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You Got This: Take The Leap When The Stakes Are High

When you don’t know or can’t predict the outcome, how do you take the leap when success is not guaranteed? As a recovering perfectionist, one thing I’ve learned, waiting for perfection is lost opportunity.

 

While others are shipping, gaining market share, starting a new business venture or having that great relationship, you may be waiting for all the pieces to be in place before you take the leap. You have your sight on the prize, you have your steps to your destination planned, you just can’t pull the trigger, you aren’t sure you’ll succeed.

 

How’s that been working out for you? How comfortable do you feel when your idea, market share, desired job or your dream man/woman is snatched up by someone else? You may spend hours, days or even years kicking yourself in the backside for it. “Analysis Paralysis” and perfection will keep you from getting what you want and having it go to someone that took the leap, without guarantees. As a baby, you had no concept of a guarantee, you were not guaranteed you would walk, but you kept trying and failing, without fear until you got it!

 

We hate the loss more than we love the gain. In high stakes, this is exaggerated. Our brain is wired to record gains and losses, but loss holds more impact in memory and in training thought patterns.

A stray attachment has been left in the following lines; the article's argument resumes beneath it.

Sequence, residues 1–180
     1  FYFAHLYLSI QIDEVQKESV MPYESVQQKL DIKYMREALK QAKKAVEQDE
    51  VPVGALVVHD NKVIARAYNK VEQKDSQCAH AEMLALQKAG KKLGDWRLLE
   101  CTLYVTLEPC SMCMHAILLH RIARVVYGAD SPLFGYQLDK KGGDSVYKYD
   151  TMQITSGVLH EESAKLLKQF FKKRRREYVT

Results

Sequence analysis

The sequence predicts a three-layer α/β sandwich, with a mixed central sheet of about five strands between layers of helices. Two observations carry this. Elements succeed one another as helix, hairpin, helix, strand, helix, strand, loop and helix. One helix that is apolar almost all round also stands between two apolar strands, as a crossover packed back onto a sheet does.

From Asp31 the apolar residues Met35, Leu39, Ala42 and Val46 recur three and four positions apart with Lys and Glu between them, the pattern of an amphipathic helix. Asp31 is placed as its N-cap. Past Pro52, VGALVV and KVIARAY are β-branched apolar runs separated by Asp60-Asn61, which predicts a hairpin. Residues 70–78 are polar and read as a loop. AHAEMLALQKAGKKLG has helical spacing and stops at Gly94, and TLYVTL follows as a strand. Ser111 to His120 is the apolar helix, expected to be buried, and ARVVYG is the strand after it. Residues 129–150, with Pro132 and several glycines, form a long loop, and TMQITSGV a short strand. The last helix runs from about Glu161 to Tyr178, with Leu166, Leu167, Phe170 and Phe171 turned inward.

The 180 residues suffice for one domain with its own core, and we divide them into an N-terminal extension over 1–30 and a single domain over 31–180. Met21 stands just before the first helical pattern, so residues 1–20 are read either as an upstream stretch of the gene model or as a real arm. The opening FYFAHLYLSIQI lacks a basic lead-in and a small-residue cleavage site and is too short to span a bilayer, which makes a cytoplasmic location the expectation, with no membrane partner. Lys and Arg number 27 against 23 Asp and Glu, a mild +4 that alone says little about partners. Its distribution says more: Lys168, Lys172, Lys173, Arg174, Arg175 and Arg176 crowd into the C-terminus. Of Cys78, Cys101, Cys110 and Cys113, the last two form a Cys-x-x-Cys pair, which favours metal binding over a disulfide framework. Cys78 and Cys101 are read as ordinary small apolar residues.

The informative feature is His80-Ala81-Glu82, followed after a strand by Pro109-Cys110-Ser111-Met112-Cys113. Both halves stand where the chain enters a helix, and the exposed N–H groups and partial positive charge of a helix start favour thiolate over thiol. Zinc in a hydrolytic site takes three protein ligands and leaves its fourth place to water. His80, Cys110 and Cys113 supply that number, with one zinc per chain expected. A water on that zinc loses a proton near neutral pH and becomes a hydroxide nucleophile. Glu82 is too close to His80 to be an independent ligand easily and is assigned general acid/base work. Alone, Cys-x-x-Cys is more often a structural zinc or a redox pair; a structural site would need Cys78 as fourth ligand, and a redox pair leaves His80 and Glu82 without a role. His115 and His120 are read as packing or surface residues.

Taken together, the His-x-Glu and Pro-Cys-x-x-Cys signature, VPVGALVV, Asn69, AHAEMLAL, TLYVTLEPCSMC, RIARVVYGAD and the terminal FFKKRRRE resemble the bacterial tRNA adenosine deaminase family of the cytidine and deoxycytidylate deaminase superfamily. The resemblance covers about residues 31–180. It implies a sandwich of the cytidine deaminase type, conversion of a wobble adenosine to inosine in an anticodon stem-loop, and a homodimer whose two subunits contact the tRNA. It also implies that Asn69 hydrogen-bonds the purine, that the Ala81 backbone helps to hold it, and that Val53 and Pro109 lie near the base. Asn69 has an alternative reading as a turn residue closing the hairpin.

Making the decision to go for it is a strategy I call “unpredicted gain”. An “unpredicted gain’ is either A. you obtain your desired outcome or B. you gain knowledge and experience through finding your weak spots C. you find a new opportunity or stepping stone to an even greater success. All well-formed outcomes and attempts are gains. When you don’t take the leap, you’ve already lost. What’s better, to take the chance at success or fail in fear?

 

Make the decision, knowing, no matter what happens, you will gain knowledge, experience, skills and find your weak spots. You may even find success and a triumphant victory! What you won’t gain is another kick in the backside session. Sitting back and saying, “I could have” is a poor cop-out for pure effort, guts and determination. “I could have” counts for nothing, “I gave it my best” is a victory in and of itself. The road to success is paved with failures.